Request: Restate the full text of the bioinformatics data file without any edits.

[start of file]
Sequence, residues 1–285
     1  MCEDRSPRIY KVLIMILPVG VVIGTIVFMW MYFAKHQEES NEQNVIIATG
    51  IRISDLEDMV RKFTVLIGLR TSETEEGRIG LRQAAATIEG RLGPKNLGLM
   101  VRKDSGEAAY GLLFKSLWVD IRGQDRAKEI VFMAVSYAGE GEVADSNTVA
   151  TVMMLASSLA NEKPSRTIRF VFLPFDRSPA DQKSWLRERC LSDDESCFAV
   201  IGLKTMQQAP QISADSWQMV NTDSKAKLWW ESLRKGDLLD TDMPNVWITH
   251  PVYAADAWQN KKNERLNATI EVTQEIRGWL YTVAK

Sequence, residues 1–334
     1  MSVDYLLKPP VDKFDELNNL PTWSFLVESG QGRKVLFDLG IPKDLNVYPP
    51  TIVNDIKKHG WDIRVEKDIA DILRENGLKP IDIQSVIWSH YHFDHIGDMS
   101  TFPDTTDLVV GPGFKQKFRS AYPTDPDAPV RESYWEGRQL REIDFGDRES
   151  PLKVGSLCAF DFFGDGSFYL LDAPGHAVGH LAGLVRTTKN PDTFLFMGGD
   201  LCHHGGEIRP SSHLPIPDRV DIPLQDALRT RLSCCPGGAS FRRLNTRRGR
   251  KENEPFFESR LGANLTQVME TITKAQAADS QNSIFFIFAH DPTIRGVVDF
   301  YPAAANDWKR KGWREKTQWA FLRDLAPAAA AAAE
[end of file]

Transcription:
Sequence, residues 1–285
     1  MCEDRSPRIY KVLIMILPVG VVIGTIVFMW MYFAKHQEES NEQNVIIATG
    51  IRISDLEDMV RKFTVLIGLR TSETEEGRIG LRQAAATIEG RLGPKNLGLM
   101  VRKDSGEAAY GLLFKSLWVD IRGQDRAKEI VFMAVSYAGE GEVADSNTVA
   151  TVMMLASSLA NEKPSRTIRF VFLPFDRSPA DQKSWLRERC LSDDESCFAV
   201  IGLKTMQQAP QISADSWQMV NTDSKAKLWW ESLRKGDLLD TDMPNVWITH
   251  PVYAADAWQN KKNERLNATI EVTQEIRGWL YTVAK

Sequence, residues 1–334
     1  MSVDYLLKPP VDKFDELNNL PTWSFLVESG QGRKVLFDLG IPKDLNVYPP
    51  TIVNDIKKHG WDIRVEKDIA DILRENGLKP IDIQSVIWSH YHFDHIGDMS
   101  TFPDTTDLVV GPGFKQKFRS AYPTDPDAPV RESYWEGRQL REIDFGDRES
   151  PLKVGSLCAF DFFGDGSFYL LDAPGHAVGH LAGLVRTTKN PDTFLFMGGD
   201  LCHHGGEIRP SSHLPIPDRV DIPLQDALRT RLSCCPGGAS FRRLNTRRGR
   251  KENEPFFESR LGANLTQVME TITKAQAADS QNSIFFIFAH DPTIRGVVDF
   301  YPAAANDWKR KGWREKTQWA FLRDLAPAAA AAAE